The Kirby That Could Have Been: 1 – In The Days Of The Mob

Jack Kirby Mob 1

Every now and then, it’s our turn to be one-up on Earth-2.
On Earth-2 they’re not carrying out redevelopment works in Mersey Square, including closing the cut-through that affords me the shortest route from the bus stop to the Post Office. Normally, that would be our imaginary parallel world’s superiority to this one. On Earth-2, I wouldn’t have had to go the long way round, that takes me past Stockport’s surprisingly central comics shop. Where, in the window…
But let me digress into history. Back in 1971, the legendary Jack Kirby, sick of various things at Marvel, from the lack of creative freedom with Stan Lee always having the last word, disgusted at the lack of proper credit for his contributions – Stan Lee having, like I said, the last word – left Marvel to work for DC Comics for the first time since the Fifties.
DC Director Carmine Infantino attracted Kirby with glowing promises. Full credit. Editorial freedom. A studio in which he could create characters and series that his proteges would work on, under his supervision. New formats. New genres. In short, a breath of fresh air. Kirby signed. And Infantino began the process of reneging upon everything that wasn’t Kirby writing and drawing superhero comics, under New York based editors and having Superman’s face redrawn over his pencils.
It wasn’t quite as blanket as that. Infantino paid lip service to Kirby’s desire to reintroduce Crime comics, which had been wiped out of existence when the Comics Code was drawn up in the Fifties. These would be in black and white, in magazine format, and they would be real, raw and direct. They would be red meat.
Oh yes, Infantino kept that promise. One issue of In the Days of the Mob, under the name of a minor sub-company with no connection to comics, without promotion, poor distribution, and cancelled with issue 2 complete and unseen. The same story applies to another Kirby creation, Spirit World, about which I have absolutely no knowledge. Did I say no promotion? Both magazines were plugged in DC’s comics, in holes in the corner, crappily designed commercial ads with the tiniest possible reproduction of the covers.
You knew the magazines existed, but you couldn’t get hold of them to read.
Which brings me back to the present day, in which I am walking past Stockport’s surprisingly central comics shop. Where, in the window… In the Days of the Mob. Jack Kirby.
I shot inside, enquired trepidatiously as to the cost. Which was expensive but not unaffordable. This was not the original magazine. It’s just as rare, mind you, but it was a hardback book, published by DC in 2013, reprinting from the original art not just issue 1, but the never published issue 2. Oh my.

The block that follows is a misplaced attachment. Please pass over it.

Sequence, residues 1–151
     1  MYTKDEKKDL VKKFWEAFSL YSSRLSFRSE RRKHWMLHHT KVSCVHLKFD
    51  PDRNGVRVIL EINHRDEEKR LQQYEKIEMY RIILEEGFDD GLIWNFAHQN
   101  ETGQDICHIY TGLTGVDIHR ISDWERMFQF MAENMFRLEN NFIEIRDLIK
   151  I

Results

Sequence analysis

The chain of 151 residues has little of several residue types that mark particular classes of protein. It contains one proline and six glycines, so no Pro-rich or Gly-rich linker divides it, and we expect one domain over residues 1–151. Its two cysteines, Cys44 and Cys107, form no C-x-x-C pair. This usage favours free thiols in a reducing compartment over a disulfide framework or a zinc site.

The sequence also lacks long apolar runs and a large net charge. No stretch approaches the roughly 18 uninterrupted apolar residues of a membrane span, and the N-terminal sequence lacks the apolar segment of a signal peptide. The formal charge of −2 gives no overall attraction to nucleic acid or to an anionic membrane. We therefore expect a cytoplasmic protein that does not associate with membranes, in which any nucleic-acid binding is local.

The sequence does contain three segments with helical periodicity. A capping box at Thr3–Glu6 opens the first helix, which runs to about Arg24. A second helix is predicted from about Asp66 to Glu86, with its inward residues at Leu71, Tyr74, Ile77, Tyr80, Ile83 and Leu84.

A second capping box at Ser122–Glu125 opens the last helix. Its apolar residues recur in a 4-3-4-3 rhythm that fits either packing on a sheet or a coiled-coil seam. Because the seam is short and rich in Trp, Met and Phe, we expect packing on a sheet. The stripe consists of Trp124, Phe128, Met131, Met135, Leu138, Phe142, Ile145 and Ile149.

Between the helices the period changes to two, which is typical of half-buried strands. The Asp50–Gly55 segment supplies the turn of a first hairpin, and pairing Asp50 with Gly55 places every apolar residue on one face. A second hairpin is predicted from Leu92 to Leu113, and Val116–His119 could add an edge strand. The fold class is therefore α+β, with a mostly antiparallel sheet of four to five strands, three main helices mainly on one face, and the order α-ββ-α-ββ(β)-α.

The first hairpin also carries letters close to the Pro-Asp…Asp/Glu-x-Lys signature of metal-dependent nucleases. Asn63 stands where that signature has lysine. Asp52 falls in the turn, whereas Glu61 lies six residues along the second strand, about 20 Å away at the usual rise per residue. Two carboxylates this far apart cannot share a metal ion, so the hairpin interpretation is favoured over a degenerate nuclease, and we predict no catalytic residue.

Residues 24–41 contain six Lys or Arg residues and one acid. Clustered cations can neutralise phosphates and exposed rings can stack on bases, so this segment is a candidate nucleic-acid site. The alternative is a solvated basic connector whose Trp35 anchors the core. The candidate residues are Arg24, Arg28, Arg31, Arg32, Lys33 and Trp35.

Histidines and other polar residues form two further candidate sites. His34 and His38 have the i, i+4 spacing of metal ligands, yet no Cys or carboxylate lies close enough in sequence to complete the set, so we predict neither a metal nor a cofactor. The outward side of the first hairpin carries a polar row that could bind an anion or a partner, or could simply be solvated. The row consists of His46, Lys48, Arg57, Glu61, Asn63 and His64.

Jack Kirby Mob

The same was done for Spirit World, which can be had through Amazon or eBay for only more than twice what I paid for In the Days of the Mob and which is, under current circumstances, expensive and not affordable. I can dream, however. And I have read In the Days of the Mob and it is superb. Prime Kirby, rejoicing in the breath of fresh air he finally had, drawing serious, violent, rock solid true crime stories from the Roaring Thirties, not a trace of superheroics, no fantastic poses, just real people. It feels weighty and important, because that’s what it is.
And it is tragic too, for the fact that this is all there is. Kirby was rolling, and what he could so very easily have done with this was to change the face of Comics. Why not? He’d only done that half a dozen times already. The possibilities were endless, and that for this title only. But imagine it as the flagship of a line of crime comics, energetic, raw, real, more adult than the comics of the ebbing Silver Age.
And imagine it as a beachhead, ushering forward a greater range of genres, to stand alongside the one genre we’ve been limited to for half a century since. Imagine choice, real choice, attracting a wider pool of readers. And imagine too that, with so much to choose from, there would have to be fewer superhero comics, but these would only be the best, written and drawn to a standard higher than we endured.
All of these possibilities are there in the pages of In the Days of the Mob, and no doubt in Spirit World too. Probably, on Earth-2, Kirby didn’t get shafted by Infantino, and they got all those titles. Lucky bastards.
Now I’m ranted out (don’t you believe it), what of the actual book?
The actual published issue was written and drawn by Kirby, with inks throughout by Vince Colletta, with Mike Royer taking over that role for the unpublished issue 2. The difference is immediately apparent with Royer, at that stage, adhering much more faithfully to Kirby’s pencils. Colletta was notorious for speeding up his ink jobs by erasing characters and simplifying backgrounds, but in comparing the art on the two issues, I can see no great difference between Kirby’s compositions on either.

Jack Kirby Mob 3